Interview
Finally, intelligent dolls
The days when Barbie thinks only about what to wear are over. Smart-Gurlz has designed a doll to teach young girls about computer programming.

The take-away

  • SmartGurlz are already used in some schools in the US and Denmark to boost girls’ interest in computer science and programming.
  • The doll assumes that girls engage more in speech and role playing, while boys tend to focus on spatial play and technical aspects.

Still today, fewer girls than boys pursue an education in science. Harnessing gender stereotypes rather than doing away with them, company founder Sharmi Albrechtsen, an American woman living in Denmark, developed a doll to teach kids how to code in a very girly way.

TECHNOLOGIST: How did you come up with the idea?

Sharmi Albrechtsen: My daughter wasn’t into maths, and I had a hard time finding toys to get her interested in the subject. All the drones and robots available were geared towards boys. So, I decided to launch my own product, highlighting young girls’ different play patterns. Girls engage more in speech and roleplaying, while boys tend to focus on spatial play and technical aspects.

T. What sets the SmartGurlz robot apart from other products?

SA. I designed four dolls, and each has her own story and personality. One is a computer hacker, another a mathematician, and there’s also an engineer. They all drive around on a Segway-like scooter called Siggy, which girls can programme using an app to send the dolls off on missions. For example, they can set Siggy up to ride through Central Park in New York and look for all the hot dog stands. Or to go through the city and find a list of tools to bring back to the engineer doll. The technical aspects are embedded in a rich imaginary context. We work with a team of students at DTU to think up new stories.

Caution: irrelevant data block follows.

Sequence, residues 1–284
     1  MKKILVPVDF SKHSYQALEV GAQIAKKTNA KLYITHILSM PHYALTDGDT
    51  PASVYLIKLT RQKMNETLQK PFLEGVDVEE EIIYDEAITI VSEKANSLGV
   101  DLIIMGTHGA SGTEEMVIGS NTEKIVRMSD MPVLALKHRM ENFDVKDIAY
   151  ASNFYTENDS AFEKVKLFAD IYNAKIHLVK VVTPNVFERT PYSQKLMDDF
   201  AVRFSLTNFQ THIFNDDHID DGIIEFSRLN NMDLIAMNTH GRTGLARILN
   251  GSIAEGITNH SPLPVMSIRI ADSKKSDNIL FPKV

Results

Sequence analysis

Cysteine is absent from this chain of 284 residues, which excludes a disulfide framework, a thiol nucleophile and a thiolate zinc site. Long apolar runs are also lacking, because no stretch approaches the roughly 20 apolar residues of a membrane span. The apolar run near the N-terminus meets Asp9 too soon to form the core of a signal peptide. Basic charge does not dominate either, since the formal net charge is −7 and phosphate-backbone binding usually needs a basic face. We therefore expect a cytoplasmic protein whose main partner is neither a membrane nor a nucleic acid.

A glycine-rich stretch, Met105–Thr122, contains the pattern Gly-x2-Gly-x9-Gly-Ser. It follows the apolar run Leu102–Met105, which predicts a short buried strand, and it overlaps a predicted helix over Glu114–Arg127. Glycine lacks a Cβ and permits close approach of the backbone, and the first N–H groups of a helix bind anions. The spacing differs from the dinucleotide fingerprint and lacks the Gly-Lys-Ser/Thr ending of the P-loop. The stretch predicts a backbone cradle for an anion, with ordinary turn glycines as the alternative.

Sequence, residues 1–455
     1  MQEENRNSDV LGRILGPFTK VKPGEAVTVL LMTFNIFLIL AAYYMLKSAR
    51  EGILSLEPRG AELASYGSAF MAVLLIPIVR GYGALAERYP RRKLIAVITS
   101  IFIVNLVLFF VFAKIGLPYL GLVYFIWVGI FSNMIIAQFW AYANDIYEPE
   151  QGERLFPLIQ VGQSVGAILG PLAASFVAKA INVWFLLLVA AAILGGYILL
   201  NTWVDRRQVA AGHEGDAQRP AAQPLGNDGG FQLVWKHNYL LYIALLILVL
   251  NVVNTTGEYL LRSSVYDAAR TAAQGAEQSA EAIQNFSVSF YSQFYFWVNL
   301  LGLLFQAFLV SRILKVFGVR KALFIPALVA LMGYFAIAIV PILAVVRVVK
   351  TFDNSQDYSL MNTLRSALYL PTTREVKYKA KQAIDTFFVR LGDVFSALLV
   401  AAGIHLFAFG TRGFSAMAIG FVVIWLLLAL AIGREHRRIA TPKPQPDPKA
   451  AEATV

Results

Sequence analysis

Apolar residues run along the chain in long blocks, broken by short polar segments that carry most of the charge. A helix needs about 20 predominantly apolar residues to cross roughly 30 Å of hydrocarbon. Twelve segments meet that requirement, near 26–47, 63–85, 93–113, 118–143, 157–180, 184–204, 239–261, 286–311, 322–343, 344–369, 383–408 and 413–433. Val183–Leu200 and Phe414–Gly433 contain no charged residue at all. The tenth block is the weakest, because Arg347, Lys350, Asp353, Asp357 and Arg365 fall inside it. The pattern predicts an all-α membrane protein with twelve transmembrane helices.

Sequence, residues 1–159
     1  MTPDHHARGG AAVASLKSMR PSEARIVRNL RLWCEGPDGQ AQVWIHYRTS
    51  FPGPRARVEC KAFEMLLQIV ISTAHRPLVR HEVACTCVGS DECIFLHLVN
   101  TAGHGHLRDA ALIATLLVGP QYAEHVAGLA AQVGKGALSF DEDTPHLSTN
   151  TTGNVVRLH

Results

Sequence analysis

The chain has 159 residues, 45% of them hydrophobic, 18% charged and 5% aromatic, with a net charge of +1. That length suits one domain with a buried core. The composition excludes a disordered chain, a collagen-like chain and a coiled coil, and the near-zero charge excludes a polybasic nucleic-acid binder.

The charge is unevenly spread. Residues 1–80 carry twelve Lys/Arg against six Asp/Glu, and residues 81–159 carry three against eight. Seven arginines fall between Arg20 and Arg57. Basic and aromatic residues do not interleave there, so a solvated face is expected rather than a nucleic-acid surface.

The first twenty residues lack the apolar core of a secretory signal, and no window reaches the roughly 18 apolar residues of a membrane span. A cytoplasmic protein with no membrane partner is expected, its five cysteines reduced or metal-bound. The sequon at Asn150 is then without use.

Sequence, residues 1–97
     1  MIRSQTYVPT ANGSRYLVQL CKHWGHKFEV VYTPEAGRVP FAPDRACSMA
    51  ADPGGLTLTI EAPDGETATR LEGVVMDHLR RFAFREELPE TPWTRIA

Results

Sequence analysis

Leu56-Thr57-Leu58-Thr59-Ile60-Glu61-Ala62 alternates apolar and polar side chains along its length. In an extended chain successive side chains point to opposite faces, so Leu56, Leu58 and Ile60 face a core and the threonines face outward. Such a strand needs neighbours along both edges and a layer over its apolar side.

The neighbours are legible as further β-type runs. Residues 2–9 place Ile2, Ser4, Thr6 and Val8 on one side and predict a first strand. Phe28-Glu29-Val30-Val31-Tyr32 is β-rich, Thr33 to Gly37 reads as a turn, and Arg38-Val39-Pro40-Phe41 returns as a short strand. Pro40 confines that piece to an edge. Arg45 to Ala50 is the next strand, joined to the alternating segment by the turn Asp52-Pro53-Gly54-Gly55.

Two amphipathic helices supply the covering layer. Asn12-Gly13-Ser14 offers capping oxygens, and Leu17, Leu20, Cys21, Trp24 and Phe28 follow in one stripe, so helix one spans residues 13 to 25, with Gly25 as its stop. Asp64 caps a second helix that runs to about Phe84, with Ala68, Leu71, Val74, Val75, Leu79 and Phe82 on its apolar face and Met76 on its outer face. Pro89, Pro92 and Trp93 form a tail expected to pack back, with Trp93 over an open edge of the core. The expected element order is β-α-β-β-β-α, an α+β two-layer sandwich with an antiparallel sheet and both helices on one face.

T. Do you think that playing with this type of doll can help spark girls’ interest in science?

SA. A number of studies show that children who play with robots or technical toys have greater chances of developing an interest in scientific fields later in life. Each mission in the SmartGurlz app requires 40 to 50 lines of code. The Siggy robot can make turns, so children have to calculate a curve radius. Our dolls are already used in some schools in the US and Denmark to boost girls’ interest in computer science and programming.

T. What’s next?

SA. We launched SmartGurlz in 2016, with a business plan forecasting sales of 4,000 units. In 2017, we moved into the US market. We’re also very active in France, where our dolls are sold in more than 300 stores, along with Denmark, Russia, Singapore, Belgium and the UK. The next steps will be to integrate augmented reality into the SmartGurlz app, create more stories and develop our points of sale.

Sources

Sharmi Albrechtsen